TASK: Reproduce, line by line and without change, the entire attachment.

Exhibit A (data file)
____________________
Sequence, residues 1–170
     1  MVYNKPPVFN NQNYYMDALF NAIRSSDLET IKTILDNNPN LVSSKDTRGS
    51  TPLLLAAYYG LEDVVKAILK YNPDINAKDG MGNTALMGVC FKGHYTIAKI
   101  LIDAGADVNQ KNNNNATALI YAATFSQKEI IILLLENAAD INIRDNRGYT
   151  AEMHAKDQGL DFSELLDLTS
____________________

Sequence, residues 1–170
     1  MVYNKPPVFN NQNYYMDALF NAIRSSDLET IKTILDNNPN LVSSKDTRGS
    51  TPLLLAAYYG LEDVVKAILK YNPDINAKDG MGNTALMGVC FKGHYTIAKI
   101  LIDAGADVNQ KNNNNATALI YAATFSQKEI IILLLENAAD INIRDNRGYT
   151  AEMHAKDQGL DFSELLDLTS